News from the Locarno Festival

The Girl With All The Gifts

Piazza Grande

The Girl With All The Gifts by Colm McCarty



The first images of The Girl With All The Gifts take us into a maximum-security prison. The inmates are wearing the orange outfits notorious since Guantanamo. They are bound hand and foot to wheelchairs. They are children…

Based on the novel of the same name by Mike Carey, Colm McCarthy’s film preserves the book’s basic framework, using its genre to interpret a series of present-day concerns. The film’s strength lies in maintaining a precious and difficult equilibrium between the demands of its frame of reference (the zombie movie, with incursions into the war film) and the desire to talk about more (the question of how to live with the other).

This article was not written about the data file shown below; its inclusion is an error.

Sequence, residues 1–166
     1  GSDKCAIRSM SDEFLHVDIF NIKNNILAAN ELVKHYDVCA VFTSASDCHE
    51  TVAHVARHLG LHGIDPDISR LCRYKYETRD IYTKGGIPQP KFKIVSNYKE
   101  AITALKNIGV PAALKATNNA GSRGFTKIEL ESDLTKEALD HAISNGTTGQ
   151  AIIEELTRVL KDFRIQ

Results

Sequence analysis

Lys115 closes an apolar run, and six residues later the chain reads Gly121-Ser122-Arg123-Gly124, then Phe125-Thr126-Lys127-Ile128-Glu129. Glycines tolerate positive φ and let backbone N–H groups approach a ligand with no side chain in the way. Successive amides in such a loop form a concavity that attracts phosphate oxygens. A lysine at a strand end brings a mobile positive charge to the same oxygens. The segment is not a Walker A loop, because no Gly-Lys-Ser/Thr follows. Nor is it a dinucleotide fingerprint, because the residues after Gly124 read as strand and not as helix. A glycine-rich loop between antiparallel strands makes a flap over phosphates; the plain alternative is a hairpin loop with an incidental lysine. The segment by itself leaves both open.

We’re in a dystopian world where humanity is confined to a few hold-out islands, surrounded by multitudes of zombies who wake as soon as they smell flesh. A handful of people, the only survivors of an attack on a military base, must find a safe place. The tension that in the early scenes weighs entirely on the imprisoned children now affects the members of the group, who in order to survive must place their trust in the young Melanie.

The skilfully cast actors that the production was able to attract have the task of giving depth to the characters, who are constructed around traditional models: Paddy Considine as the expedition leader, Glenn Close as a scientist who prioritizes experimentation over human life and most of all the pairing of Gemma Arterton and newcomer Sennia Nanua as Melanie, truly convincing in switching from the sweetness of a 10-year-old girl to explosive violence. The two have the task of portraying a story of love, an antidote to the vision of a world where humanity seems to have died. 

Carlo Chatrian

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